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Crisis Communications Lessons from September 11

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ISBN-10: 0742525430

ISBN-13: 9780742525436

Edition: 2003

Authors: A. Michael Noll, James Alleman, Sandra Ball-Rokeach, Menahem Blondheim, James William Carey

List price: $37.95
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Description:

This text features a cast of top contributors exploring emergency communications during crisis. Together they evaluate the use, performance and effects of traditional mass media, newer media, conventional telecommunications and interpersonal communication in emergency situations.
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Book details

List price: $37.95
Copyright year: 2003
Publisher: Rowman & Littlefield Publishers, Incorporated
Publication date: 11/11/2003
Binding: Paperback
Pages: 256
Size: 6.00" wide x 9.25" long x 0.75" tall
Weight: 0.748
Language: English

A. Michael Noll holds an M.E.E. from New York University and a Ph.D. from the Polytechnic Institute of Brooklyn. He is a professor and former dean at the Annenberg School for Communication at the University of Southern California. Professor Noll is also a senior affiliated research fellow and director of technology research at the Columbia Institute for Tele-Information at Columbia University and has authored eight other books about communication technologies and strategic critical business analysis.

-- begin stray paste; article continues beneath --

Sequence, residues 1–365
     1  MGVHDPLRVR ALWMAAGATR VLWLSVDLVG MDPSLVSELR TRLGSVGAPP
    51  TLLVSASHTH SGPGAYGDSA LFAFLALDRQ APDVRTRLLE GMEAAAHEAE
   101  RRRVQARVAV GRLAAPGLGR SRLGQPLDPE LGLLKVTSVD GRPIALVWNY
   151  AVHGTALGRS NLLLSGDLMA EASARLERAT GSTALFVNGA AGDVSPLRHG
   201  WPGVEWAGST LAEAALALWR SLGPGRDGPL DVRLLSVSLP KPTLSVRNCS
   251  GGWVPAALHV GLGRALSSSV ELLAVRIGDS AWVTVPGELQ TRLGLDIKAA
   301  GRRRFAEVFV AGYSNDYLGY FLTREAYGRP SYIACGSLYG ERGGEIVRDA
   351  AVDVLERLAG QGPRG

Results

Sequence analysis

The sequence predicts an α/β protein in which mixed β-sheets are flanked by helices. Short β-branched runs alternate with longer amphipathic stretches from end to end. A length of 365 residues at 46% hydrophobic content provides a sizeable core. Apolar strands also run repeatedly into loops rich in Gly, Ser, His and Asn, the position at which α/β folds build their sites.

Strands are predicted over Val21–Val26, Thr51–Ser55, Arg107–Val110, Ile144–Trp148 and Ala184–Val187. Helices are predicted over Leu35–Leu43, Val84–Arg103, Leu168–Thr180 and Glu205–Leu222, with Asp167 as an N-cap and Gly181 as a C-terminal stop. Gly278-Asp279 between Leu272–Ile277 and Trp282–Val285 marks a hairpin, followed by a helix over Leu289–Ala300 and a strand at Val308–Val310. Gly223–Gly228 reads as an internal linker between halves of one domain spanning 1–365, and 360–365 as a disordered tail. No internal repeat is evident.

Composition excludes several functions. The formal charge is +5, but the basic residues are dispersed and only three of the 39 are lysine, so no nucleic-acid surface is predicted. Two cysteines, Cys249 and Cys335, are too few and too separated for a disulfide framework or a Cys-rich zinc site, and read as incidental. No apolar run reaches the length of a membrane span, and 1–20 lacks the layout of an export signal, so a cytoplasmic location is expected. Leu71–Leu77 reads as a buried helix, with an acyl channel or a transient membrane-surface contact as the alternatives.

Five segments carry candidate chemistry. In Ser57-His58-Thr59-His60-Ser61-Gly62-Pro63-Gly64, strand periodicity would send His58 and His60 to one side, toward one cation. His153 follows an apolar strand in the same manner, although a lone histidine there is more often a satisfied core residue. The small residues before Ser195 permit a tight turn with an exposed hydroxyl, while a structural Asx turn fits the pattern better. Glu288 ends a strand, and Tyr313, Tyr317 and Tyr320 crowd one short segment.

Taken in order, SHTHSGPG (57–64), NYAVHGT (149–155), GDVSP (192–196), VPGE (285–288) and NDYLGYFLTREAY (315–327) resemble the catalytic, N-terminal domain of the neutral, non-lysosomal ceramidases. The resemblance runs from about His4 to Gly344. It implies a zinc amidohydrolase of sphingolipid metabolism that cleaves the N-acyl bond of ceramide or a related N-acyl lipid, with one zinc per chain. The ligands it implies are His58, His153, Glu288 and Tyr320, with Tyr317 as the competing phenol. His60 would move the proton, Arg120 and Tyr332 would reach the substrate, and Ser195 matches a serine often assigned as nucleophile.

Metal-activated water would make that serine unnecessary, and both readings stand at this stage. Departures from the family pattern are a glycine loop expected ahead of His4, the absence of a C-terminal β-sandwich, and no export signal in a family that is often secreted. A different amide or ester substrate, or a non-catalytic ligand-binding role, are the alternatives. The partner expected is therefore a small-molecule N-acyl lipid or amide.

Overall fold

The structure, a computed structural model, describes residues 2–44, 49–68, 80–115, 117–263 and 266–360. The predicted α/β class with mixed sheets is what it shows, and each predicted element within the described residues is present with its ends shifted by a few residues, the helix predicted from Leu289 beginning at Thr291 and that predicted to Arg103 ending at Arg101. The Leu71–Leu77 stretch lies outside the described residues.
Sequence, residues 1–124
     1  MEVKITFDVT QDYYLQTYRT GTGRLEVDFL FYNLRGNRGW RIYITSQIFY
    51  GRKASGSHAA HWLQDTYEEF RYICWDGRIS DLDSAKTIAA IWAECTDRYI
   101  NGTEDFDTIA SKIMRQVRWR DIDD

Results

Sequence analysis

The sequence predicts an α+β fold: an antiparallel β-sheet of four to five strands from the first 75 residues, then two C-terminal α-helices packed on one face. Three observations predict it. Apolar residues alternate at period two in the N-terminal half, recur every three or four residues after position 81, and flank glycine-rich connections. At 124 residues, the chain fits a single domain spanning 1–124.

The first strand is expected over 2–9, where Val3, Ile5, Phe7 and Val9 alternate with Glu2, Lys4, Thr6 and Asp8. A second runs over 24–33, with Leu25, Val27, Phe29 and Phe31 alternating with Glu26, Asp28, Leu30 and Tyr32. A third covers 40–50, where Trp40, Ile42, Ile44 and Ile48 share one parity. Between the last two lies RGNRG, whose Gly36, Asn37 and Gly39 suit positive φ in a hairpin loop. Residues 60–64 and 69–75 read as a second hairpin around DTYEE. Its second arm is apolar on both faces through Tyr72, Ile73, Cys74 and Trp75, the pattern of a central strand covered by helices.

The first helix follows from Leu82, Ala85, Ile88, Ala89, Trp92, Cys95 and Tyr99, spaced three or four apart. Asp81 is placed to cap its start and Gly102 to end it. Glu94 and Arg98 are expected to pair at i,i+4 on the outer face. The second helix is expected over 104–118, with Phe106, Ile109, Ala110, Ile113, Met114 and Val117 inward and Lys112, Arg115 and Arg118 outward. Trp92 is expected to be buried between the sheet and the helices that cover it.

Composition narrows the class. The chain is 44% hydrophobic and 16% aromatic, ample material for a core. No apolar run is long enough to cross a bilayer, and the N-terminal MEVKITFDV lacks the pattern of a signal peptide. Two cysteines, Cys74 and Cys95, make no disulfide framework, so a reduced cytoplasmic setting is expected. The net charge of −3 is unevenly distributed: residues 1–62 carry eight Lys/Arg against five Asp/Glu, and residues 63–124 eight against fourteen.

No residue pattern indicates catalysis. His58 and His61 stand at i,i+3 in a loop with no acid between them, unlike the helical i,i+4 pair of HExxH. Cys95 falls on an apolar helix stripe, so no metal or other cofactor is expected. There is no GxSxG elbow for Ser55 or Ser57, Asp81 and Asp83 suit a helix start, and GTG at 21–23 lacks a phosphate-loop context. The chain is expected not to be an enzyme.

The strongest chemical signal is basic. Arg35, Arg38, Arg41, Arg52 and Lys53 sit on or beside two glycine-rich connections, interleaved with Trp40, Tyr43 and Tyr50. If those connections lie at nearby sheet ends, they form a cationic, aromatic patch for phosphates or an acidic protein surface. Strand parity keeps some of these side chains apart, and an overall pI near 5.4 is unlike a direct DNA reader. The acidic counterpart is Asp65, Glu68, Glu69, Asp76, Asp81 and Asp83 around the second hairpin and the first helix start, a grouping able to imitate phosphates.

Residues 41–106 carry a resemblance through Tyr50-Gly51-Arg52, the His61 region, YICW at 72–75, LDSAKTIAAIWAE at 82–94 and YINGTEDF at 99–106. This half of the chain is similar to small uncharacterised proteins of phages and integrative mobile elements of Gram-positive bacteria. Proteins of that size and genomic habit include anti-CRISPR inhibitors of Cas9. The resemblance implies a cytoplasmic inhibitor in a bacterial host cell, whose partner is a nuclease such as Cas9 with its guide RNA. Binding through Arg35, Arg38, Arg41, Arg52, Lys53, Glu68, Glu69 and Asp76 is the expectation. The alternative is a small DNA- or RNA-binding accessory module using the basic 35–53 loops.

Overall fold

List of Illustrations
Preface
Introduction: A Global Tragedy
The Functions and Uses of Media during the September 11 Crisis and Its Aftermath
Diffusion of News of the September 11 Terrorist Attacks
Civic Actions after September 11: A Communication Infrastructure Perspective
Communication during the World Trade Center Disaster: Causes of Failure, Lessons, Recommendations
Response, Restoration, and Recovery: September 11 and New York City's Digital Networks
The Social Dynamics of Wireless on September 11: Reconfiguring Access
The Telephone as a Medium of Faith, Hope, Terror, and Redemption: America, September 11
A Content Analysis of American Network Newscasts before 9/11
Something's Happened: Fictional Media as a Recovery Mechanism
September 11 in Germany and the United States: Reporting, Reception, and Interpretation
The Internet as a News Medium for the Crisis News of Terrorist Attacks in the United States
The Internet and the Demand for News: Macro- and Microevidence
History and September 11: A Comparison of Online and Network TV Discourses
From Disaster Marathon to Media Event: Live Television's Performance on September 11, 2001 and September 11, 2002
Globalization Isn't New, and Antiglobalization Isn't Either: September 11 and the History of Nations
Is There a bin Laden in the Audience? Considering the Events of September 11 as a Possible Boomerang Effect of the Globalization of U.S. Mass Communication
Epilogue: "The Bell Rang and We Answered"
Index
About the Contributors